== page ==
The danger.

Unable to refuse, Thorne gathers a team and travels to a remote Welsh island, at the mercy of the weather and cut off from the mainland. Thorne is determine to get the job done and return home before Nicklin can outwit them.

The deaths.

But Nicklin knows this island well and has had time to plan ahead. Soon, new bodies are added to the old, and Thorne finds himself facing the toughest decision he has ever had to make …

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The twelfth in Mark Billingham’s excellent TOM THORNE SERIES is a well-constructed psychological thriller that sees Nicklin and Thorne resume the game of cat and mouse that began with SCAREDY CAT. The mystery here all lies in trying to work out what Nicklin’s game is as he takes Thorne and his crew to Bardsey Island, off the Welsh coast. Although we learn more of Nicklin’s early life – his time spent in an experimental youth offender home and his friendship with a naïve young man called Simon – I did think those scenes slowed down the otherwise nail biting plot. Nicklin’s always been a creepy and ruthless enemy and he’s really allowed to enjoy himself here – his exchanges with Thorne ramp up the tension, especially because Thorne’s hamstrung in his ability to respond and Nicklin knows that. Also interesting is a possible romantic temptation for Tom in his team, which I wish had been explored further and hope will come up in future books. Where the book is weakest is in some of the detail with regard to how Nicklin set up his plans – as the different strands came together it felt a little too convenient at times and I’d have liked a bit more jeopardy and less inevitability. Given the open ending, this may be something that Billingham comes back to in future books, but to be honest I needed to see it here just so that I could fully buy into the plot. That said, the emotional fall out of Nicklin’s plan is credible and promises to have a continuing effect in the books to come, which I shall definitely be checking out.

Blue Chip Kids by David W. Bianchi

The Blurb On The Back:

The how-to guide to the world of money and investing.

Blue Chip Kids: What Every Child (And Parent) Should Know About Money, Investing, And The Stock Market is a fun and easy-to-understand introduction to the world of money and investing for kids and parents. Frustrated by the lack of entertaining financial teaching materials for his 13-year-old son, this book is the result of a father’s commitment to pass on one of life’s most important skills. Written by David W. Bianchi – an investor and lawyer with an economics degree from Tufts University – this hands-on resource demystifies the basic principles about money matters and shows what it takes to spend, save, and invest wisely.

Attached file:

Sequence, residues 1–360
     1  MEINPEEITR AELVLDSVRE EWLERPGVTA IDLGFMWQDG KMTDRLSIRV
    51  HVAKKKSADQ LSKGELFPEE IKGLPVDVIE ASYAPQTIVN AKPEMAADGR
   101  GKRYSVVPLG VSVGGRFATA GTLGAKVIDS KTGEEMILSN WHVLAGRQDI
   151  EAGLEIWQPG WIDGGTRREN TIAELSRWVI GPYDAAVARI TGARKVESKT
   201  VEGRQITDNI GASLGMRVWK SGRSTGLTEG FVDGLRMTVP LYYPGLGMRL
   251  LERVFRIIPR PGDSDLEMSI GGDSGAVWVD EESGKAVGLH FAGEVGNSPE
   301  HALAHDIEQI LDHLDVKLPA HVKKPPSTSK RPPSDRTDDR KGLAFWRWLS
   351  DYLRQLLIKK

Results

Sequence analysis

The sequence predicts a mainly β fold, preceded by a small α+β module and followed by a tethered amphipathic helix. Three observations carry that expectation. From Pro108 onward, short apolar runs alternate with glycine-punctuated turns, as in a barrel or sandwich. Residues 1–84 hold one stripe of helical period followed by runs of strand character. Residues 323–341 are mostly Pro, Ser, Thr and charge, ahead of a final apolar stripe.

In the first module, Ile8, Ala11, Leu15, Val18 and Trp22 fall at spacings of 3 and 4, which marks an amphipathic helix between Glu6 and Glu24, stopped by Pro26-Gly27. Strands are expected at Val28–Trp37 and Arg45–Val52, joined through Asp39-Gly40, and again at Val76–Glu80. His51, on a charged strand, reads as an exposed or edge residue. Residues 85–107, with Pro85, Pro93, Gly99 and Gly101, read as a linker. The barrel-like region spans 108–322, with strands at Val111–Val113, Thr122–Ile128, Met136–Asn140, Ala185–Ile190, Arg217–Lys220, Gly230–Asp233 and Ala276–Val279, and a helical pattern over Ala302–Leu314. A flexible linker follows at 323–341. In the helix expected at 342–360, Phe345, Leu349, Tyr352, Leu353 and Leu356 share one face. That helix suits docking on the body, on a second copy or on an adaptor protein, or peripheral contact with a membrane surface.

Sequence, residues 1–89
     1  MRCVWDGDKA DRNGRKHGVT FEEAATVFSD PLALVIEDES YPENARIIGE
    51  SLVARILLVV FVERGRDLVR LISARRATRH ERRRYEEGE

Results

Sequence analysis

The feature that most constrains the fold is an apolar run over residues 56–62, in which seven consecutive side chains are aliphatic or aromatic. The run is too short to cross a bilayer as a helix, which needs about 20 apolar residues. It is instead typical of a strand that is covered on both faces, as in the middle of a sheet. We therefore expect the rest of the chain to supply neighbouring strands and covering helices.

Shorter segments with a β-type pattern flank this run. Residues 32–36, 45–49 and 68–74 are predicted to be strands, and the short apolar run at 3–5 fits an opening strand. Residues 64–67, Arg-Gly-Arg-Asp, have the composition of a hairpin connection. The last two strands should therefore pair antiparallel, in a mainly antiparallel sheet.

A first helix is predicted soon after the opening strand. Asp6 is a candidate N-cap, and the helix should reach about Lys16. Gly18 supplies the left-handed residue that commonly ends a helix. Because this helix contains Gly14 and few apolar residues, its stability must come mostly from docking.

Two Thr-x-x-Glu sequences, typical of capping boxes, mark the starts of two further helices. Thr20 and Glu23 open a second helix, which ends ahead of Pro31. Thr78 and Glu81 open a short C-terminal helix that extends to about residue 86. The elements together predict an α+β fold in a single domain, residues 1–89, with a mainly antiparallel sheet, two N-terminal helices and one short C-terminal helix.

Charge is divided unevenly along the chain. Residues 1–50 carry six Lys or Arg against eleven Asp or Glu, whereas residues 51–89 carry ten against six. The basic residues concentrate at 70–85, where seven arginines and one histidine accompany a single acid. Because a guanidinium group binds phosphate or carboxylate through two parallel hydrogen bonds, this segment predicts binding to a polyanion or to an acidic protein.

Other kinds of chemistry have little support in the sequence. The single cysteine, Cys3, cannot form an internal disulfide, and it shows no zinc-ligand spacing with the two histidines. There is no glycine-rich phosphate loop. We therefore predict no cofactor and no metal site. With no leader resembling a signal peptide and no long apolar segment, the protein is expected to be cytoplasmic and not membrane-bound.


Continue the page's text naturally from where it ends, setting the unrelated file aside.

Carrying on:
Filled with simple examples and numerous illustrations, this easy-to-read book discusses money and investing in 100 bite-size topics.

For every parent who wants their children to develop the skills to invest wisely and become responsible money managers, regular savers, and to earn money while they sleep, this book is a must have.

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The Verdict:

When David Bianchi couldn’t find a suitable book to help him to explain the basics of finance and investing to his 13-year-old son, Trent, he decided to write one and roped in his nephew, Kyle, to do the illustrations. The result is a readable and easy-to-understand guide that covers a very wide range of topics including:
- methods of payment,
- what the stock market is and how it operates (including technical information on put/call options, margins and associated terminology),
- stock options,
- bonds and certificates of deposit,
- funds and how they work,
- basic company analysis,